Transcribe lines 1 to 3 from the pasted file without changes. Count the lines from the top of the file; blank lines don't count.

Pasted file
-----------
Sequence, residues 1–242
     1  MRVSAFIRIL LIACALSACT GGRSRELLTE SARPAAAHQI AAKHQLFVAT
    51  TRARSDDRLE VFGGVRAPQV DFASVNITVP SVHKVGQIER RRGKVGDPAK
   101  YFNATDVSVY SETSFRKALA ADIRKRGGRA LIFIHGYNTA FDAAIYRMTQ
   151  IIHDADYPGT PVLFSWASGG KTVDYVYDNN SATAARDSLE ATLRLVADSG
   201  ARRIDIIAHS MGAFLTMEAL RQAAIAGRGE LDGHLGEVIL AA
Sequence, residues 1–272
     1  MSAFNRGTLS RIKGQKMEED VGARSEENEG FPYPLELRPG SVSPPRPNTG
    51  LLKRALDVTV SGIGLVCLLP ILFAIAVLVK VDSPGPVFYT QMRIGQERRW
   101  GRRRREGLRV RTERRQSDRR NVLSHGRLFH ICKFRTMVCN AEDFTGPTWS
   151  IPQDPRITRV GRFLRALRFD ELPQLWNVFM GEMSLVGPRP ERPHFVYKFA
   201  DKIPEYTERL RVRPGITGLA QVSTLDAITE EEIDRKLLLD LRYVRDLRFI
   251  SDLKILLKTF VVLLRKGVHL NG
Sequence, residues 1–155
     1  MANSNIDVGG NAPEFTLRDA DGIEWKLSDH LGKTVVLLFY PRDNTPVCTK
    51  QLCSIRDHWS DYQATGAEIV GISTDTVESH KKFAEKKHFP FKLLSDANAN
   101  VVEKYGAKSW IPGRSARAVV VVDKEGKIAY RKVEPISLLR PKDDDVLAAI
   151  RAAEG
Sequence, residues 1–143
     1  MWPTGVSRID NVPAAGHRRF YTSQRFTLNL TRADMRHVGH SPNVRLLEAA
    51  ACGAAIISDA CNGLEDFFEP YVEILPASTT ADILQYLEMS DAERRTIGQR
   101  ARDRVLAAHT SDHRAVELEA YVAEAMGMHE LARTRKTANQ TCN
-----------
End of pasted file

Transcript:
Sequence, residues 1–242
     1  MRVSAFIRIL LIACALSACT GGRSRELLTE SARPAAAHQI AAKHQLFVAT
    51  TRARSDDRLE VFGGVRAPQV DFASVNITVP SVHKVGQIER RRGKVGDPAK